I’m writing to the man I saw muscling his child into a carseat in the parking lot. His boy must’ve been eleven or twelve, but wasn’t able to walk. The man lifted him from a wheelchair and buckled him in. The boy drooled all over the man’s shirt.
When the man finished, he kissed his son and said, “How about some Ben and Jerry’s?” To which the boy commenced to pitching an ever-loving fit.
The good kind of fit.
I’m also writing to the employee standing in front of Piggly Wiggly, her face in her hands. I have no idea what she’s crying about, but it must’ve been important enough to clock out for it.
To the drunk man in the gas station, hollering at the clerk. The police officer showed up to manage the situation. The drunk fella started crying, “My wife, she’s run off with my BEST FRIEND! What’re my kids gonna do?”
The officer hugged the gentleman.
To the girl who doesn’t like her body. The boy who wishes he were an athlete, but doesn’t have the coordination to keep cheese on a cracker.
To the woman whose husband left her with four children. To the kids in the airport, who wear matching yellow T-shirts that read: “Future Farmers of America.” These kids are on their way to Omaha to learn about breakthroughs in animal husbandry. Rena is very excited about this. So is Ted.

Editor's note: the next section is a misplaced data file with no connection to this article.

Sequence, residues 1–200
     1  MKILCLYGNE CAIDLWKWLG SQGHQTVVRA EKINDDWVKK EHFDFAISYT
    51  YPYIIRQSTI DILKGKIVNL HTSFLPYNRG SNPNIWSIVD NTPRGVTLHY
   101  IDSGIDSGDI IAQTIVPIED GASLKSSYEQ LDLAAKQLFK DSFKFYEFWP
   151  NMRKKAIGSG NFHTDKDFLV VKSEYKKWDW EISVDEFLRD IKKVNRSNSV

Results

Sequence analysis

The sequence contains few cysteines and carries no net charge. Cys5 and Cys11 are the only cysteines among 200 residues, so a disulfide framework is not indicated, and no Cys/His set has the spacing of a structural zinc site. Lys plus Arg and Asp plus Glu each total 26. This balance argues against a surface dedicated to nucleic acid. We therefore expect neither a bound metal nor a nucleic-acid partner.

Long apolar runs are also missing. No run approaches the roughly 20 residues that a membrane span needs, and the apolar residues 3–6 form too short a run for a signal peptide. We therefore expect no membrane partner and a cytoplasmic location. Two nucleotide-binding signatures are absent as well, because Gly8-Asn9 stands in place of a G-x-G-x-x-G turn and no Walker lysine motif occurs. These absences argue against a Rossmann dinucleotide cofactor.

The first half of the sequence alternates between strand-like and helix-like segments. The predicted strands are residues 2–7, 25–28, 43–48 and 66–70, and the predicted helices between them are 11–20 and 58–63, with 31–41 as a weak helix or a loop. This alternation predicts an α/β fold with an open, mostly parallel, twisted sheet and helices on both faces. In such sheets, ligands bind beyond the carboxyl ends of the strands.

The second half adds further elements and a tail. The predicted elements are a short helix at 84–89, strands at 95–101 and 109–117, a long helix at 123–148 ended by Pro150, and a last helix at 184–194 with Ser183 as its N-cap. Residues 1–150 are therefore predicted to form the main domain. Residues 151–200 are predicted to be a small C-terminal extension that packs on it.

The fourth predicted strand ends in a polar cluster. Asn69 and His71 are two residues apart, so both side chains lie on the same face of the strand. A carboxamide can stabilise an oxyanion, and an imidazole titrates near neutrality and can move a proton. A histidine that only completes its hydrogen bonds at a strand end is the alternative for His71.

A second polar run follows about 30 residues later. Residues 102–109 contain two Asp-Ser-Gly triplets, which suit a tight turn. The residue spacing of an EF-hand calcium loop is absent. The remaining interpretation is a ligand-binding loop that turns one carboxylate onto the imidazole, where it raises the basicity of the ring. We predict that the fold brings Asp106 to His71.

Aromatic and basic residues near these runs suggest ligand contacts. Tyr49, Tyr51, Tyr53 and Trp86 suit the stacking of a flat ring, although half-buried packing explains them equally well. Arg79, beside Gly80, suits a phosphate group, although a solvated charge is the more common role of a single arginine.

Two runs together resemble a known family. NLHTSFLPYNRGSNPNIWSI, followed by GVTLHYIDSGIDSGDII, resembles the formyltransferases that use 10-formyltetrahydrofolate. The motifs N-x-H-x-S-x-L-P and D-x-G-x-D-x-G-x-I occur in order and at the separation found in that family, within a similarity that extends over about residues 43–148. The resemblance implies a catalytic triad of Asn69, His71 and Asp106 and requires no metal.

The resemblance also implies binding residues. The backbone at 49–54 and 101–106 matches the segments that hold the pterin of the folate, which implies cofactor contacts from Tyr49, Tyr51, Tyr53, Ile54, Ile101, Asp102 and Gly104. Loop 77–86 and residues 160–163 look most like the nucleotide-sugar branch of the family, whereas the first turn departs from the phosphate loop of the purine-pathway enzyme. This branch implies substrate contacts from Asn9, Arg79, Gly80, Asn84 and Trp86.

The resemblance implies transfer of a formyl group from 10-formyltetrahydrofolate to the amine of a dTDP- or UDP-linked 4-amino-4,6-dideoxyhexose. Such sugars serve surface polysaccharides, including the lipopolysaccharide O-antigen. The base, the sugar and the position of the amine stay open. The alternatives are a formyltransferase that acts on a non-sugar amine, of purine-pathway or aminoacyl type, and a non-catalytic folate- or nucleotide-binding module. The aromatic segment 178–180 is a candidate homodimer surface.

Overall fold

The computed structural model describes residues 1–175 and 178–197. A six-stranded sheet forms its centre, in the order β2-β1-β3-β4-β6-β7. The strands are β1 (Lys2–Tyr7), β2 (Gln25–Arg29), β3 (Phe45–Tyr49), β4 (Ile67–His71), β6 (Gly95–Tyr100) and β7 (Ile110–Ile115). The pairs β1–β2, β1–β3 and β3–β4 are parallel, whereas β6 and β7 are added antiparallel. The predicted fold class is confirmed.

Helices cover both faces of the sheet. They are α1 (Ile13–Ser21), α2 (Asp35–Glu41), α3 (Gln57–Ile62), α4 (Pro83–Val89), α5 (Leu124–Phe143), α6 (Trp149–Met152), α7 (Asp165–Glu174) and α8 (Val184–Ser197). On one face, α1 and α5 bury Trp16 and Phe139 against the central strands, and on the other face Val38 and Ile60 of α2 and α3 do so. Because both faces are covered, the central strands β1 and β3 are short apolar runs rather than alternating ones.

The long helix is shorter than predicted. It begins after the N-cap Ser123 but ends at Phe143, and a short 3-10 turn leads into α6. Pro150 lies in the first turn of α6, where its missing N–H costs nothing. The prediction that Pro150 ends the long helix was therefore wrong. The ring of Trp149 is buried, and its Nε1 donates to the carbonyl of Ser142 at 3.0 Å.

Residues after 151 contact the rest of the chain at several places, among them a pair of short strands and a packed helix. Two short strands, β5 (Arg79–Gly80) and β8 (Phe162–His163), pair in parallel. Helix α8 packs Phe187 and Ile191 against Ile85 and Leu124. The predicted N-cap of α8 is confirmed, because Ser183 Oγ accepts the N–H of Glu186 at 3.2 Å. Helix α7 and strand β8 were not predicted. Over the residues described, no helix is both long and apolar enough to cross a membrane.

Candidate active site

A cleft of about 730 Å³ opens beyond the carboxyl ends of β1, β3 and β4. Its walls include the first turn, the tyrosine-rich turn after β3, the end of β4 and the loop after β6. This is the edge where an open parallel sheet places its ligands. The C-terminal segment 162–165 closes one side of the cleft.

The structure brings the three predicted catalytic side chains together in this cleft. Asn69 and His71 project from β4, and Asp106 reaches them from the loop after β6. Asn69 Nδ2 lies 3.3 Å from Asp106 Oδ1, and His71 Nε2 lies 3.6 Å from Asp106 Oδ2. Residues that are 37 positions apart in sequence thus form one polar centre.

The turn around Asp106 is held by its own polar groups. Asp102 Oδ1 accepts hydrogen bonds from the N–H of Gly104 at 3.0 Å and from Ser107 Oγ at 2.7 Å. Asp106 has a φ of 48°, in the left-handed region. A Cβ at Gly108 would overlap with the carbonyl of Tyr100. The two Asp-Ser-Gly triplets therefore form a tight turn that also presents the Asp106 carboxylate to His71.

Billy told me he doesn’t give two flocks about it.
I’m writing to the haves and have-nots. To the waitress in Waffle House who rushed her mother into the hospital last week, but was too late. Heart attack. The girl took out a loan to pay for the funeral.
To my pal, Jake, who had back surgery. To my friend who got wronged by the Methodist church which employed him. To the man on the side of the road, loading a dog carcass into the back seat of his car.
To the poor soul who’s spent his whole life wishing to be famous, who still doesn’t realize what a blessing it is to be a nobody. To the woman who lost her daughter in a drowning accident. The man on the beach, who served in Iraq, who has no right calf muscle.
To me, who can’t sleep right now, who is writing this because I’m still thinking about the man with the wheelchair-bound son. Because seeing such a thing made me forget the election signs on the street corner, and it made me proud to be a human being. Damn proud.
God bless us.